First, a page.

Latest in Security

Image credit:

White House bans personal cell phones for staff and guests

It's supposedly due to security reasons, but leaks to the press may have something to do with it.
Swapna Krishna, @skrishna
January 4, 2018
Share
Tweet
Share

Sponsored Links

Joshua Roberts / Reuters

The White House has issued a ban on employees using personal cell phones while at work, according to Bloomberg. Rumors of the ban surfaced back in November, but according to Press Secretary Sarah Huckabee Sanders, it is going into effect Monday. The order reportedly came from White House Chief of Staff John Kelly, and security concerns are cited as the reasons behind the decision.

"The security and integrity of the technology systems at the White House is a top priority for the Trump administration and therefore starting next week the use of all personal devices for both guests and staff will no longer be allowed in the West Wing," Sanders said in a statement today. "Staff will be able to conduct business on their government-issued devices and continue working hard on behalf of the American people."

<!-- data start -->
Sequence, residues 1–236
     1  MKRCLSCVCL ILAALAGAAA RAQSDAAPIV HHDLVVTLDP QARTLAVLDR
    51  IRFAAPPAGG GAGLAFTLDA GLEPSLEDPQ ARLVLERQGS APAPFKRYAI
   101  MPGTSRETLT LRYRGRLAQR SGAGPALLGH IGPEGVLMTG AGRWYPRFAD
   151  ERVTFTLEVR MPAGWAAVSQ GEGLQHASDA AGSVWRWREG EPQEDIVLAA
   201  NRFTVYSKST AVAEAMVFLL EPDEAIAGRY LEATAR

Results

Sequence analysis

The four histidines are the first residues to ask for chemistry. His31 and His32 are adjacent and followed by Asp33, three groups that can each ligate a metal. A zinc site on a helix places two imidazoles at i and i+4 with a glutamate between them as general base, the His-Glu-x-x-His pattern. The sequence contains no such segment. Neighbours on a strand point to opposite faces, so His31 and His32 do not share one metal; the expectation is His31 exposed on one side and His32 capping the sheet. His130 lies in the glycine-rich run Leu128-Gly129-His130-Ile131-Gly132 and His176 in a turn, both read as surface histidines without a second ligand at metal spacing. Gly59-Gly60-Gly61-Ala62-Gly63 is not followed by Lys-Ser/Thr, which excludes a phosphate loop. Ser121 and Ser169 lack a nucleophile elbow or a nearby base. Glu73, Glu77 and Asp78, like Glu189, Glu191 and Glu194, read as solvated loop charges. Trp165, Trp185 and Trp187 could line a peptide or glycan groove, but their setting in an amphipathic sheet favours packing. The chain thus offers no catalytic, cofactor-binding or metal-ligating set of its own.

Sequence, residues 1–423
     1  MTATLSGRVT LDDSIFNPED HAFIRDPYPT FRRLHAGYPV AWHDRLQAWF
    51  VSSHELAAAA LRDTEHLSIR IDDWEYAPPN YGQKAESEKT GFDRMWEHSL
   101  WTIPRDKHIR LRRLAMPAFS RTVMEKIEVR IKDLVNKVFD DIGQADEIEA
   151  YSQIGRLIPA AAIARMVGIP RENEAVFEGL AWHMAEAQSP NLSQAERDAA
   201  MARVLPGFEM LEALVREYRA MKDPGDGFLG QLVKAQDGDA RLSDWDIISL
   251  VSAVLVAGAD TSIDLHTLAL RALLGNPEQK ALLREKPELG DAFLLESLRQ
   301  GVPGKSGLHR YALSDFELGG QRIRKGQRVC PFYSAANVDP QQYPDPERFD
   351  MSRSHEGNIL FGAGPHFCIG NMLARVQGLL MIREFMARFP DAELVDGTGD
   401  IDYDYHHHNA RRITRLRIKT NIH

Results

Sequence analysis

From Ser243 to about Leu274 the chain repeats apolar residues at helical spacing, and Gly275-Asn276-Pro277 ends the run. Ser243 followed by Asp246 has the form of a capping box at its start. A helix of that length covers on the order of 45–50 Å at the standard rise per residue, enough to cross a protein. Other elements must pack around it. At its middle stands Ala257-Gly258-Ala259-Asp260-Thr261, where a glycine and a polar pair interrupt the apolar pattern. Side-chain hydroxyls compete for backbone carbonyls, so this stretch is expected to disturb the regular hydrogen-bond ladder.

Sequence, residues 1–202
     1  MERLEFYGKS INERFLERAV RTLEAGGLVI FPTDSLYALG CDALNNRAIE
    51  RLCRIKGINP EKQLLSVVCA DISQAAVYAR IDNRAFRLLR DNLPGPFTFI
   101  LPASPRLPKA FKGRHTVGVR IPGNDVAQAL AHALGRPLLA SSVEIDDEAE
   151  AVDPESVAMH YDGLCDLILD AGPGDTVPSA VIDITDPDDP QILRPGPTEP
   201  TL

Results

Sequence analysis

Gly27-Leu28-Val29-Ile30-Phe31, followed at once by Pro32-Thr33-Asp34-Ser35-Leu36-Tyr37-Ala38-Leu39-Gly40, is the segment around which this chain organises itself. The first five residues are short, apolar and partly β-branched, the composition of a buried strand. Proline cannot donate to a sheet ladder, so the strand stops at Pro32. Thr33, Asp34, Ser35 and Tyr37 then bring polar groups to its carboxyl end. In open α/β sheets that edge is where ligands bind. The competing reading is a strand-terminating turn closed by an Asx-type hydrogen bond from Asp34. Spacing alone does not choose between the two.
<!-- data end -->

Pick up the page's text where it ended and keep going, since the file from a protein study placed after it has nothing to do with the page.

The concern among staff members has been they may be cut off from their families during busy days in the West Wing. Work phones can't be used for personal business, after all. We've reached out to the White House for further comment on the ban and how it affects staff members.

One anonymous insider told Bloomberg that the reason for the ban was due to security concerns and an overloaded Wi-Fi network, which is possible. It's more realistic, however, that the White House is trying to control the steady leak (or, really, more like flood) of information from staffers, and this is the best way for them to do it.

In this article: cellphone, security, whitehouse
All products recommended by Engadget are selected by our editorial team, independent of our parent company. Some of our stories include affiliate links. If you buy something through one of these links, we may earn an affiliate commission.
Comment
Comments
Share
Tweet
Share

Popular on Engadget

Chevy will start selling EV retrofit kits in 2021

Chevy will start selling EV retrofit kits in 2021

View
AI can detect COVID-19 by listening to your coughs

AI can detect COVID-19 by listening to your coughs

View
Roborace engineer explains why a driverless racecar drove into a wall

Roborace engineer explains why a driverless racecar drove into a wall

View
$149 Playdate handheld is 'ready to go,' orders start in early 2021

$149 Playdate handheld is 'ready to go,' orders start in early 2021

View
Nest thermostats in the US and Canada can now monitor your HVAC system

Nest thermostats in the US and Canada can now monitor your HVAC system

View

From around the web

Page 1Page 1ear iconeye iconFill 23text filevr